Latent Variable and Latent Structure Models

Latent Variable and Latent Structure Models

Latent Variable and Latent Structure Models

Latent Variable and Latent Structure Models

Synopsis

This edited volume features cutting-edge topics from the leading researchers in the areas of latent variable modeling. Content highlights include coverage of approaches dealing with missing values, semi-parametric estimation, robust analysis, hierarchical data, factor scores, multi-group analysis, and model testing. New methodological topics are illustrated with real applications. The material presented brings together two traditions: psychometrics and structural equation modeling. Latent Variable and Latent Structure Models' thought-provoking chapters from the leading researchers in the area will help to stimulate ideas for further research for many years to come. This volume will be of interest to researchers and practitioners from a wide variety of disciplines, including biology, business, economics, education, medicine, psychology, sociology, and other social and behavioral sciences. A working knowledge of basic multivariate statistics and measurement theory is assumed.

Excerpt

This volume is based on material presented at the 22 biennial conference of the Society for Multivariate Analysis in the Behavioural Sciences (SM ABS) held by the Department of Statistics at the London School of Economics and Political Science in July 2000. SMABS is an international research society for advancing research in the area of measurement and psychometrics with emphasis in comparative studies. The SMABS biennial meetings bring together researchers interested in many research disciplines within the social measurement area (e.g., item response theory, test theory, measurement theory, covariance structure analysis, multidimensional scaling, correspondence analysis, multilevel modeling, survey analysis and measurement error, classification, clustering and neural networks).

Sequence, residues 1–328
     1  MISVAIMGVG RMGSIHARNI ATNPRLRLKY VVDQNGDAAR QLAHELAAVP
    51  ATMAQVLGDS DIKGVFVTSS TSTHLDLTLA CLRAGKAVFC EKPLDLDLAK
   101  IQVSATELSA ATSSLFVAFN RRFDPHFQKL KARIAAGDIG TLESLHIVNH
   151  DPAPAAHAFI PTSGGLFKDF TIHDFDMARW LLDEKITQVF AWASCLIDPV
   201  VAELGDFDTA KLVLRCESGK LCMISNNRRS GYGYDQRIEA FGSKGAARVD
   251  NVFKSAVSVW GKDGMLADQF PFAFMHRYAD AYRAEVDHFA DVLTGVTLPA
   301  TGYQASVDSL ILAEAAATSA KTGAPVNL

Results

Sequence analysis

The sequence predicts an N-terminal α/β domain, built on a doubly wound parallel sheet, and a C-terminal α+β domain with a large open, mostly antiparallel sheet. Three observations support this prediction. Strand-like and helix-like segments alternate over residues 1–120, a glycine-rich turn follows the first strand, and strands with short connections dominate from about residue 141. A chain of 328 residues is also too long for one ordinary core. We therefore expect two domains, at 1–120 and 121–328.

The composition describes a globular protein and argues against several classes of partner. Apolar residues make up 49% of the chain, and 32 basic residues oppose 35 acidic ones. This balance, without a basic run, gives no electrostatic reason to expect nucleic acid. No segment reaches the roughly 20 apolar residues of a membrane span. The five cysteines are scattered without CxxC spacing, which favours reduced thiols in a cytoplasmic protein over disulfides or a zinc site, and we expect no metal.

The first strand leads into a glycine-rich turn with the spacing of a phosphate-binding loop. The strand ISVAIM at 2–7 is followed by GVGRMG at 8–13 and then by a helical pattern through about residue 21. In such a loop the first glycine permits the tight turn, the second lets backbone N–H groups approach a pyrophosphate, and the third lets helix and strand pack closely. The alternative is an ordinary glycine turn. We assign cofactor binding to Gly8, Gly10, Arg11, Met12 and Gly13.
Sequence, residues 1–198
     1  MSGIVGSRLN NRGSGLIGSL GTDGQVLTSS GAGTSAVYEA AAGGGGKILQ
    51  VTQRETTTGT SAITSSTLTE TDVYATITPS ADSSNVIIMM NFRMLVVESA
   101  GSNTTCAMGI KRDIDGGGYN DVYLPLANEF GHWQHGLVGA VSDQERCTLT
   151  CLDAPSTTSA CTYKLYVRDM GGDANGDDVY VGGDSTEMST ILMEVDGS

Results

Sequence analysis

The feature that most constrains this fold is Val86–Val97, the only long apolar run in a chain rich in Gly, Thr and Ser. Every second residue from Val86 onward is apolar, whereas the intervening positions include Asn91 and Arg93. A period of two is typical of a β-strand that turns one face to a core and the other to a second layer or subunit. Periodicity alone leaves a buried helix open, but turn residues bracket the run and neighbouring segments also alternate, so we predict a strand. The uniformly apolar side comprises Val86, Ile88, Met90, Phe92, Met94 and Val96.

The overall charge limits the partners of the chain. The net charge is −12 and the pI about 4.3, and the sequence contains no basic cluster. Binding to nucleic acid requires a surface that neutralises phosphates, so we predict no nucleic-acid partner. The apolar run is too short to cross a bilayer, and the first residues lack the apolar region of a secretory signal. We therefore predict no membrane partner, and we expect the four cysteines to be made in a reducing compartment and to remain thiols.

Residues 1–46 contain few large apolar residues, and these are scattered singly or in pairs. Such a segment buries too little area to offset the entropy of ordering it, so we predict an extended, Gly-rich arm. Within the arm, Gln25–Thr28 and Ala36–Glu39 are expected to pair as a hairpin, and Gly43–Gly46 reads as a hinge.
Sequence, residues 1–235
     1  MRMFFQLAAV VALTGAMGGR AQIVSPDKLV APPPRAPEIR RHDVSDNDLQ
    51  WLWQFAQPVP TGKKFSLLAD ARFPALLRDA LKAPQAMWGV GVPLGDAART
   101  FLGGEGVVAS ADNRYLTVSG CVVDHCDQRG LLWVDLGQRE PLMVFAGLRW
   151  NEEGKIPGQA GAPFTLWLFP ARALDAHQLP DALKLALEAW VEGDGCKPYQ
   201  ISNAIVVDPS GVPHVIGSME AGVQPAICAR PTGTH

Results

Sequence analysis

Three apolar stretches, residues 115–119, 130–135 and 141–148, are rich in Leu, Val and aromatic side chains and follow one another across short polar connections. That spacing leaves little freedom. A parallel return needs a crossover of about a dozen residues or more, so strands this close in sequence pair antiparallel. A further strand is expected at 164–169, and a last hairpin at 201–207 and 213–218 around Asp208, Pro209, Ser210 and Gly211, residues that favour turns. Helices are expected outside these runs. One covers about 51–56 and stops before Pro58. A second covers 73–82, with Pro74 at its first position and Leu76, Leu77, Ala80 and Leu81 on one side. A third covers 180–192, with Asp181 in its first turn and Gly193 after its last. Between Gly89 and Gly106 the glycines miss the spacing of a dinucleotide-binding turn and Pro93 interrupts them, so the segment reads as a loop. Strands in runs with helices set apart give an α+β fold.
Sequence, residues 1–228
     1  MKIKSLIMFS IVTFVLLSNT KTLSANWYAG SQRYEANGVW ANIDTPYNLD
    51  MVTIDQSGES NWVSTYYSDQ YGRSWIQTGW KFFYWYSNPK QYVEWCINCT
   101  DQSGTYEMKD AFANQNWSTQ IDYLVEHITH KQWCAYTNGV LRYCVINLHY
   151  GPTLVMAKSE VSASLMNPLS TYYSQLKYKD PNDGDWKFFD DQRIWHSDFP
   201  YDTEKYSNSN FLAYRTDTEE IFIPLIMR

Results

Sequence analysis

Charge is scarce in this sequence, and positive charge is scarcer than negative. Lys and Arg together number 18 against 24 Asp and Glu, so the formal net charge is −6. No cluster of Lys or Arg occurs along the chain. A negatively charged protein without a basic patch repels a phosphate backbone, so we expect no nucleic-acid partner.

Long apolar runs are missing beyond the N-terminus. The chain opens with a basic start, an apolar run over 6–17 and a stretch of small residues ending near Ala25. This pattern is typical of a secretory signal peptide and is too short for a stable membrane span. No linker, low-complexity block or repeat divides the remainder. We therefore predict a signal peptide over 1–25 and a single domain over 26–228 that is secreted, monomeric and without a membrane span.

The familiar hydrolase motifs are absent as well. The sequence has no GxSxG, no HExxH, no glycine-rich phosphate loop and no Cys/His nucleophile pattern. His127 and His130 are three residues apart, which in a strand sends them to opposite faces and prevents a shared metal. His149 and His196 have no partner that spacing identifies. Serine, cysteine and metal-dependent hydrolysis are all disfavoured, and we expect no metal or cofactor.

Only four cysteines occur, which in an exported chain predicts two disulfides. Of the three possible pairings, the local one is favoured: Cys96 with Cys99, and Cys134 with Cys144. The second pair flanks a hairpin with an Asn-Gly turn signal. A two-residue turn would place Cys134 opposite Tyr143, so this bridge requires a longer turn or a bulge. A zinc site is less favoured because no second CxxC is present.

The theme of the 22 SMABS conference – theoretical developments and applications in latent variable modeling and structural equation modeling was realized in the many papers presented during the three days of the meeting. Each paper described original research and developments concerned with the theory and practice of multivariate analysis in the behavioural sciences. At the conclusion of the conference, we asked the authors of specific papers to put together their contributions for publication in a single volume. Chapters presented here represent a particular focused coverage of topics related to latent variable and latent structure models. Although the words in the name of the Society, “Analysis in the Behavioural Sciences”, indicate that the contributions are all generally related to methods that provide answers to questions about human behaviour, the methods apply equally well to answers to questions about non–human behaviour.

We have tried to compile a volume that will be of interest to researchers from a wide variety of disciplines including biology, business, economics, education, medicine, psychology, sociology, and other social and health sciences. As such, the chapters are aimed at a broad audience concerned with keeping up on the latest developments and techniques related to latent variable and latent structure models. Each chapter assumes that the reader has already mastered the equivalent of basic multivariate statistics and measurement theory courses that included coverage of issues related to latent variable models.

This volume could not have been completed without the assistance and support provided by many individuals. First, we would like to thank all the contributors and reviewers for their time and effort in getting the various chapters ready for publication. They all worked diligently through the various publication stages. We are particularly indebted to the contributing authors, who gave so generously of their time and expertise to this volume. Their chapters were a genuine pleasure to read and they greatly enhanced our own knowledge of the techniques covered in this volume. Their responsiveness to our editorial suggestions greatly eased our work as editors. We are also grateful to Larry Erlbaum for his continued encouragement and support of our work. Thanks are also due to all the wonderful people on the editorial st& . . .

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